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J Cutan Aesthet Surg. 2011 Jan;4(1):12-6. doi: 10.4103/0974-2077.79180.

Collagen dressing versus conventional dressings in burn and chronic wounds: a retrospective study.

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  • 1Department of Surgery, MGM Medical College and MY Hospital, Indore, India.

Abstract

OBJECTIVE:

Biological dressings like collagen are impermeable to bacteria, and create the most physiological interface between the wound surface and the environment. Collagen dressings have other advantages over conventional dressings in terms of ease of application and being natural, non-immunogenic, non-pyrogenic, hypo-allergenic, and pain-free. This study aims to compare the efficacy of collagen dressing in treating burn and chronic wounds with that of conventional dressing materials.

MATERIALS AND METHODS:

The records of 120 patients with chronic wounds of varied aetiologies and with mean age 43.7 years were collected and analyzed. The patients had been treated either with collagen or other conventional dressing materials including silver sulfadiazine, nadifloxacin, povidone iodine, or honey (traditional dressing material). Patients with co-morbidities that could grossly affect the wound healing like uncontrolled diabetes mellitus, chronic liver or renal disease, or major nutritional deprivation were not included. For the purpose of comparison the patients were divided into two groups; 'Collagen group' and 'Conventional group', each having 60 patients. For assessment the wound characteristics (size, edge, floor, slough, granulation tissue, and wound swab or pus culture sensitivity results) were recorded. With start of treatment, appearance of granulation tissue, completeness of healing, need for skin grafting, and patients' satisfaction was noted for each patient in both groups.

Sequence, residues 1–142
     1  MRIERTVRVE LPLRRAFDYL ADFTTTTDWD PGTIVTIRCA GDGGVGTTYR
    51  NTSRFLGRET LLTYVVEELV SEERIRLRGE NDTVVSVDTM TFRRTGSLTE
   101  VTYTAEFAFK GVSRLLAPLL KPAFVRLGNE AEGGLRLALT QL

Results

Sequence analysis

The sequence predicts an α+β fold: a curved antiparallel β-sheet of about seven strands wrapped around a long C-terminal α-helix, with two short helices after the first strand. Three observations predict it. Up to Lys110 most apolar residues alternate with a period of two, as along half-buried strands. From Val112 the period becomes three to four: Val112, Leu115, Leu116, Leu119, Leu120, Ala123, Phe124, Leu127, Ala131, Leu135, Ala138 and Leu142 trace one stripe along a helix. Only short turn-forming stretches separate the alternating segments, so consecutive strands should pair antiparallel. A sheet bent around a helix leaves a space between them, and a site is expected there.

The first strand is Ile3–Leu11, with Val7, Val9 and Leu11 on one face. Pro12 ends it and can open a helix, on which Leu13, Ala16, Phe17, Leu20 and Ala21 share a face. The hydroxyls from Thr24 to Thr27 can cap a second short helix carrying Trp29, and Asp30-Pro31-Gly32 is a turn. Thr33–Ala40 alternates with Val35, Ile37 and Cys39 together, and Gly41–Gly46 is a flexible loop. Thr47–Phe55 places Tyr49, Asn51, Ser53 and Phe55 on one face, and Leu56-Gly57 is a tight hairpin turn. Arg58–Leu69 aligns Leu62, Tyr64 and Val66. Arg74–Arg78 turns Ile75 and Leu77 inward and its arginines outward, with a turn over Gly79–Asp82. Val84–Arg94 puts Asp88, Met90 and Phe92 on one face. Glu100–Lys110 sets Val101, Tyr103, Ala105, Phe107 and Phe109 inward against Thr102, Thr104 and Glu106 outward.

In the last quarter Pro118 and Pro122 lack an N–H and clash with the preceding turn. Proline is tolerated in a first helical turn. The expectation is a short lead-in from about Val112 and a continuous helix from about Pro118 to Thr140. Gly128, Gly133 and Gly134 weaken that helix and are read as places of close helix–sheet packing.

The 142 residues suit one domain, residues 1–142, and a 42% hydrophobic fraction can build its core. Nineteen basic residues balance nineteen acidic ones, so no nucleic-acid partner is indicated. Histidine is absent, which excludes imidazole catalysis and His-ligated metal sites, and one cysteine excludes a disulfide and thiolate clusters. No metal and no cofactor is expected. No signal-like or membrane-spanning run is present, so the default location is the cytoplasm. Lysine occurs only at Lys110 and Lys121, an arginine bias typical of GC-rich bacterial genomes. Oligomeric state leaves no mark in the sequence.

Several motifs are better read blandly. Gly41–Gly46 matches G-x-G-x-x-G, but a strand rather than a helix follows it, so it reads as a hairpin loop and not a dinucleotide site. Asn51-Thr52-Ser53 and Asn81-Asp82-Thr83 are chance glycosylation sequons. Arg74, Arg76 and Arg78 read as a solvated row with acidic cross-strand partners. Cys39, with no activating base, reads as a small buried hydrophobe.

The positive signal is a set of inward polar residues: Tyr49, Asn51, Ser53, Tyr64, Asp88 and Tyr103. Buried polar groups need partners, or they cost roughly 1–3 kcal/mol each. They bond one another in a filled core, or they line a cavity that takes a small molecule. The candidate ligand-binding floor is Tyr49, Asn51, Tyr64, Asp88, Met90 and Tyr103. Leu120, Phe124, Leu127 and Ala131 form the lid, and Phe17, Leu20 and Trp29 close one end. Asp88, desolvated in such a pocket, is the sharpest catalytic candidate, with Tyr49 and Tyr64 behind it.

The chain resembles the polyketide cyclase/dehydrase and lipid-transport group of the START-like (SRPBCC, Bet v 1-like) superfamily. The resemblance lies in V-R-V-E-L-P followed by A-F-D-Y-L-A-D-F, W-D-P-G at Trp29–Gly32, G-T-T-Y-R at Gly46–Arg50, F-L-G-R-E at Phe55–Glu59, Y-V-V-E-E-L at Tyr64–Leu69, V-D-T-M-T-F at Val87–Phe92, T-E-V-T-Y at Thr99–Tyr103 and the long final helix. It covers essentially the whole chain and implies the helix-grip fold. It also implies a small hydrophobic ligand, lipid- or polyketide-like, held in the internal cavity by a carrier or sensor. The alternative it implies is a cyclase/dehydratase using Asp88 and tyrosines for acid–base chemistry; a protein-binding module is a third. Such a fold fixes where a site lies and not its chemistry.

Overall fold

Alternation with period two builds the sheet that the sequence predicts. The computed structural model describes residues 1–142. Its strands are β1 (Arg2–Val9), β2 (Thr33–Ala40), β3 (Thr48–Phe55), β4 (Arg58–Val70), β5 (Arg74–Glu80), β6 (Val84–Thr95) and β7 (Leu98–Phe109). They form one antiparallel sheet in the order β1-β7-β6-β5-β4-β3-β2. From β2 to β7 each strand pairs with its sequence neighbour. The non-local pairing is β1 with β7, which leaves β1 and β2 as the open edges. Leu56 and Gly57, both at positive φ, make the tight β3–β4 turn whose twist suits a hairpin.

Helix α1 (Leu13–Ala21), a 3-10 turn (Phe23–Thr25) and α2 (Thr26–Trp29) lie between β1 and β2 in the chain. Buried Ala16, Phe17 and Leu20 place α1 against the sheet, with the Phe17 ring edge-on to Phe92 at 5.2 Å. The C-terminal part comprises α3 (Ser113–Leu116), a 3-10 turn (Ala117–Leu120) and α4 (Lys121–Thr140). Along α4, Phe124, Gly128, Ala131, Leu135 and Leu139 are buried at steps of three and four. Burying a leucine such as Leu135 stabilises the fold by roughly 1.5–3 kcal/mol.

RESULTS:

With two weeks of treatment, 60% of the 'collagen group' wounds and only 42% of the 'conventional group' wounds were sterile (P=0.03). Healthy granulation tissue appeared earlier over collagen-dressed wounds than over conventionally treated wounds (P=0.03). After eight weeks, 52 (87%) of 'collagen group' wounds and 48 (80%) of 'conventional group' wounds were >75% healed (P=0.21). Eight patients in the 'collagen group' and 12 in the 'conventional group' needed partial split-skin grafting (P=0.04). Collagen-treated patients enjoyed early and more subjective mobility.

CONCLUSION:

No significant better results in terms of completeness of healing of burn and chronic wounds between collagen dressing and conventional dressing were found. Collagen dressing, however, may avoid the need of skin grafting, and provides additional advantage of patients' compliance and comfort.

KEYWORDS:

Burns; chronic wounds; collagen dressing

PMID:
21572675
[PubMed]
PMCID:
PMC3081477
Free PMC Article

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